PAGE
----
There is a small burn (what we call a stream in Scotland) in Ayrshire where my friends and I cut our teeth with the fly rods many years ago. It is a small, rambling twisty little burn flowing through about four miles of rich farmland that had allowed us to learn so much in the past. Together with Jamie and Cameron Kennedy, Chris Jess and Owen Trevor we had learnt how to cast quickly, quietly and accurately with small dry flies to outwit the trout that fill the pools and narrows. I hadn’t fished here since I was a teenager and all these years later, provided with the chance to fish it again, I simply felt compelled to visit it again hoping that the trout that had been part of so many happy memories still lived in its dark flowing waters. I had fished it in the upper reaches only a few weeks earlier with my daughter Madeleine. It was here that she managed her very first wild trout on the fly, a simply wonderful moment for me to behold. She caught it on her first cast with a fly she had tied herself back in the spring in Vienna. She went on to catch another five that morning and would have gone on for more if she’d have had the chance but time was against us. However, I wanted to try the lower reaches of the burn where the trees cover much of it and the bigger boys like to hang out. For such a small burn (much if it you could nearly jump across) it is probably about one of the most demanding places I have ever fished as one bad cast sends every trout in the pool bolting for cover. This really is a one cast job with the first cast being a maker or a breaker.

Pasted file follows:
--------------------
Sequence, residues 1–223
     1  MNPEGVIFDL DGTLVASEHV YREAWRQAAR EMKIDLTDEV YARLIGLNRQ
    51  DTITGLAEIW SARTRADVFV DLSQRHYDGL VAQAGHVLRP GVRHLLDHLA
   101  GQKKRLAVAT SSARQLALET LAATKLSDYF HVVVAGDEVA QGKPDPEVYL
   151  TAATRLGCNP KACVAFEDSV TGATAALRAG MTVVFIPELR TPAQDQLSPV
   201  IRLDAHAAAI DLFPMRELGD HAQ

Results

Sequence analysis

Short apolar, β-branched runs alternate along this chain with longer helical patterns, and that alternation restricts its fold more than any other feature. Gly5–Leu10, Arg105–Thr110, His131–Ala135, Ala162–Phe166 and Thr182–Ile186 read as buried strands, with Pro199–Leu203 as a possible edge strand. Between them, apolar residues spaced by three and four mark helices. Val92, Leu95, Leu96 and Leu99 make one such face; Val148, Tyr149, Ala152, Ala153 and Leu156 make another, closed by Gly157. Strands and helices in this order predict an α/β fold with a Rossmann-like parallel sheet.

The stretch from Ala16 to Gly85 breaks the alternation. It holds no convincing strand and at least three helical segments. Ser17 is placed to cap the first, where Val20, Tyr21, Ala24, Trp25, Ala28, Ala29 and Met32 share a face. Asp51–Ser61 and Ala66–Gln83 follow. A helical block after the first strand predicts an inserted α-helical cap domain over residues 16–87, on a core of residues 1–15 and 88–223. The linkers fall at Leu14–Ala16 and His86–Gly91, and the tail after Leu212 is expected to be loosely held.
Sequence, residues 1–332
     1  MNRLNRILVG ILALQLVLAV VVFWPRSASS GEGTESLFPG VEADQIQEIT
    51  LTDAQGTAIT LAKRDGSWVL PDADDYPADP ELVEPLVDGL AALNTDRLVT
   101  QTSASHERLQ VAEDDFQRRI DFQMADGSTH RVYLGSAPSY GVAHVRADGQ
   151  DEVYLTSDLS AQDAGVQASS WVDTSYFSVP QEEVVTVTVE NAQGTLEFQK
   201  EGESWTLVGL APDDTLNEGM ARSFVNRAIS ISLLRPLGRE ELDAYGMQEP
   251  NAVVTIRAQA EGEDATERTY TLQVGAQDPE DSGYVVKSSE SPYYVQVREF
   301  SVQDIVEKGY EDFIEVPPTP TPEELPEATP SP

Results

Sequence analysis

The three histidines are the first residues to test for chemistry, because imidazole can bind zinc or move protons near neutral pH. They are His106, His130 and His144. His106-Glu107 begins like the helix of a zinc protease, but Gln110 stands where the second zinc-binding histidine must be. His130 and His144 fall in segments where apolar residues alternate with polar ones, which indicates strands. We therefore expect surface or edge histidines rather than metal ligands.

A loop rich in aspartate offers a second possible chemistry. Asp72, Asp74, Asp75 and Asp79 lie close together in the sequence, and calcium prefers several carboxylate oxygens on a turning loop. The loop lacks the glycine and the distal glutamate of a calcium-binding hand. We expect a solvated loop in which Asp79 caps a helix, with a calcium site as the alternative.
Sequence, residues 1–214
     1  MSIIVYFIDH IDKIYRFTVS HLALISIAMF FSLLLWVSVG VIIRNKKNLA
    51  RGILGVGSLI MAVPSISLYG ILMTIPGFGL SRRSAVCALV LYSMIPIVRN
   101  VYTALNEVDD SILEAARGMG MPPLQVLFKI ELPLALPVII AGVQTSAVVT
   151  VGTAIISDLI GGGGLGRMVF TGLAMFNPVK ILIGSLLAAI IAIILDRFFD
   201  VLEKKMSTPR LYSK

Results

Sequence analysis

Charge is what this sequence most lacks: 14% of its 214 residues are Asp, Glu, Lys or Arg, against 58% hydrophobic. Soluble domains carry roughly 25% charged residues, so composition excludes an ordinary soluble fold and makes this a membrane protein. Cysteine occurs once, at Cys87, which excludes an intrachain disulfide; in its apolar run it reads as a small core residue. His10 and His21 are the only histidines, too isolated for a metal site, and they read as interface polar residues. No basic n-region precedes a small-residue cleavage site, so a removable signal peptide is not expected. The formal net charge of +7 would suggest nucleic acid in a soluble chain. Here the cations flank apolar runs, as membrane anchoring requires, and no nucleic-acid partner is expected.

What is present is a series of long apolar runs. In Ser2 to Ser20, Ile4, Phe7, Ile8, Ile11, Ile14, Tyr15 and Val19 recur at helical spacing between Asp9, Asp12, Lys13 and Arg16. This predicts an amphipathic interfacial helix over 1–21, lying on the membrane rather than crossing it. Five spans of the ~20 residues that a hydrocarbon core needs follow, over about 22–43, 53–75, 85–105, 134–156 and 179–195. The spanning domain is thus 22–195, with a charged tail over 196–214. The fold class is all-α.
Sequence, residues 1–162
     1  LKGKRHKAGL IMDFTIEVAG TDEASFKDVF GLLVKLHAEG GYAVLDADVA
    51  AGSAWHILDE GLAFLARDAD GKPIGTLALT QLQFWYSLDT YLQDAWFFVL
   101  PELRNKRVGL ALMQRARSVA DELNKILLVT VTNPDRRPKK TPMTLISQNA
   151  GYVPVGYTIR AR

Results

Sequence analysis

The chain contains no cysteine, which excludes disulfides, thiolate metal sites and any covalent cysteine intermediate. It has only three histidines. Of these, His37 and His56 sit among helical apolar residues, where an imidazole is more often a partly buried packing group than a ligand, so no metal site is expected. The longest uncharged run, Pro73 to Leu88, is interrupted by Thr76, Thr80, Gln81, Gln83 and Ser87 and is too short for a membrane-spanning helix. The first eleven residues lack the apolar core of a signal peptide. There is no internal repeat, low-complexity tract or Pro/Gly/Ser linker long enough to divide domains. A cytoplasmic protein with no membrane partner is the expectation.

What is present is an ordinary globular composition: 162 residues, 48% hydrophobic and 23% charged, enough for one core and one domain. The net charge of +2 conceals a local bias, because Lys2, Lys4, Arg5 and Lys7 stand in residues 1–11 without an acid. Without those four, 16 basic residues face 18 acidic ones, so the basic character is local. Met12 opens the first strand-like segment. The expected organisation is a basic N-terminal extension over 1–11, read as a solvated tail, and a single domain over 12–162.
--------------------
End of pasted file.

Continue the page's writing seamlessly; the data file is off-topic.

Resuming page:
Due to my lack of practice in such close confinement I managed to bungle the first four pools. Not a great start. I walked quietly down the bank to a tiny pool were I was sure I would have a better chance of presenting a fly properly. There is a break in the trees over a 10 metre stretch where a strong swirling current sweeps under an oak tree and leaves a long slow pool before shallowing off at the bottom under and old dead tree. A perfect place for large trout to hold up. Casting upstream with a size 16 elk hair sedge brought instant success from the ever present and ever hungry baby brownies that live here. I landed six small eight inch trout from the first six casts as I slowly moved up towards the oak tree. As I was about to make cast number seven I saw a large dark shadow appear right underneath the oak leaves. I stopped and watched as to make sure that I wouldn’t spook this one. I waited and waited until it rose again, practically touching the leaves as it did so. This would really be a case of “one cast and get it right” so with all my nerves tingling I sent the sedge upstream into the left side of the swirly water. The sedge drifted down towards the tree and just as it was approaching the leaves it was engulfed and a truly memorable battle commenced. The trout went berserk stripping the loose line from my fingers as it dived under the branches. Maintaining steady pressure on it soon had it out only to watch it shoot down the narrow stretch and vanishing at unstoppable speed under the old dead tree at the bottom of the pool. “What on earth could I do now?” I was asking myself as it tore off heading for the biggest snag in the whole of Ayrshire! I dipped the rod tip and held on for dear life as the fish tried again and again to find something to tangle the two pound leader on. After two nerve wracking minutes of steady pressure I had managed to force it back upstream and finally saw it re-enter the pool again. With one last lunge towards the oak tree it was beaten and brought over the waiting net.
A beautiful trout of just over a pound lay before me and all those boyhood joys came flooding back to me. It was quickly photographed before swimming back to its tree house swim. It probably still swims there just now wondering what the hell happened when it chose that one sedge too many and I hope it continues to swim there for a good while longer.